Fabrication Choices in Model Making
With the addition of a 3D printer, new in-house fabrication options are available to the model makers at A&M. Decisions need to be made about what fabrication method is best for building each model part. What parts should be printed, molded, CNC milled/laser cut, or created by hand? The use of all available technologies in the correct circumstances makes for an efficient, bustling shop, and quality model production. That’s the goal. Not to replace craftsmanship with machines, or to unnecessarily complicate the model building process with flashy new equipment.
Factors that need to be considered when determining fabrication method include; time, cost, accuracy of part, material being used, model type/usage,and the information available on the item being built.
The time constraints of any given project are a major consideration when determining what fabrication method to use to create a model, or its parts. Deadlines are often very tight and sometimes the initial decision to bid on a project will be influenced by how quickly it is needed and whether or not available fabrication methods (and resources) will get the model done on time. An automated machine like a CNC mill or laser may actually take longer to produce a part than hand building, but will use up less human resources in the process. How much available time needs to be balanced with the number of model makers assigned to the project and the length of time each part will take to be made using a particular method of construction.
Costs are often closely tied into time when determining what fabrication methods will be chosen. Time means money, and the amount of labour put into the job is a large part of any model price. Machines can make up for some of the costs in human labour, provided the money is there to buy and run the machine in the first place. Material costs for particular machines, such as the resin needed in a 3D printer, need to be taken into consideration as well.
Model makers need to determine how accurate a part needs to be on the model when deciding fabrication methods. Computer-programmed machining is more consistent and precise than hand building a part. This may or may not be a consideration in a given project. Sometimes a model is an artistic representation of an object, and extreme fidelity to the original design is unnecessary and unwanted.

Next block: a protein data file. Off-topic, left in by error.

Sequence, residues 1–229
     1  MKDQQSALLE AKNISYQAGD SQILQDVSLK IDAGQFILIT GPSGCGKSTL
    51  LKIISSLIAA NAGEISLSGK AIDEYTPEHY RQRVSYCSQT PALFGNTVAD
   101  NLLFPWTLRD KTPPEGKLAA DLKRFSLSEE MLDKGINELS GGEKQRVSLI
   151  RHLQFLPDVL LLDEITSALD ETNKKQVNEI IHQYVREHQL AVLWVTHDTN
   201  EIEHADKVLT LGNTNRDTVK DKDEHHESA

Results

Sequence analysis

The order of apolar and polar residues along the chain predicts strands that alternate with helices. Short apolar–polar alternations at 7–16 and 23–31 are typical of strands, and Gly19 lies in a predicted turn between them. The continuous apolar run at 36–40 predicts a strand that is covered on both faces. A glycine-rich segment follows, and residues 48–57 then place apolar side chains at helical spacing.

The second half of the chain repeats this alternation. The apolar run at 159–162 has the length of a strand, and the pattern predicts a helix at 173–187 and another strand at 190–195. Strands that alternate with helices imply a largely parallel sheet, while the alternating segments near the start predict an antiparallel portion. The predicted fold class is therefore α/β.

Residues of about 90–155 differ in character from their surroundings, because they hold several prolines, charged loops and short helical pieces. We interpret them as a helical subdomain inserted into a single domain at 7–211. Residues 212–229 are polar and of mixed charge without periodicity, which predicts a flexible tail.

The kind of material being used in the model will help drive the fabrication method. A 3D printer uses resin. A CNC mill can carve plastic, foam, steel, brass, wood or machinist board. A hand-made part can be rendered out of just about any material available to the model maker. Usually the type of model determines the material being used, and is determined by the model maker, but occasionally the client will have a particular material request as well.
The type of model needed is one of the overriding factors when deciding on fabrication methods. What shape, size and quantity the model will be, as well as its purpose – display, trade show, instruction, sales or prototyping – influence the type of material used to create the model, as well as fabrication choices.
Depending on its shape, a model might be made through a subtractive method of taking away material such as a CNC mill, while other shapes are more suited for an additive method of “growing” a part on a 3D printer. A milled part on the CNC machine needs to be flat on the bottom, no shape can be created underneath the part. This is not a problem with the 3D printer. A completely flat part with an intricate design can be cut on a CNC laser.
The over all scale, or size, of the model may rule out certain fabrication methods. Large parts need to be able to fit on the particular machine being utilized. The quantity of models required influences the construction. Multiple models of the same object can be well suited for mold making. A master model part is made and molded, then multiples are cast from the mold. Automated (CNC) machines in general are helpful for multiples due to their consistency over a hand-built part.
Intended model use will help establish what construction methods are used as well. If a model is going to be moved around frequently, such as trade show use, durability and strength become important factors. This will affect materials used, fabrication, and even assembly methods to ensure a model that will stand up to repeated transport and handling. While a display model permanently housed in a protective glass case can be made of more delicate materials and finer fabrication methods, such as hand-building.
Finally, the information available to build the model will help ascertain the best fabrication method to use. If 3D files are available of the item to be built, that will lend itself better to CNC or 3D printing processes. If the model maker has only a picture or photograph to go by, it will likely be more efficient to build the model by hand, using a well-trained eye, than to try to draw the parts first in a computer program.
A well equipped model shop with a full complement of fabrication methods makes a model maker’s job more effective. Multiple factors are taken into consideration when determining which construction methods to use on any given project. Time constraints, costs, accuracy required, materials used, type of model, and information available about the item to be built all can influence this decision. Many of these factors are intertwined. Ultimately it is a model maker’s job to assess these options early on in the project and plan fabrication methods accordingly.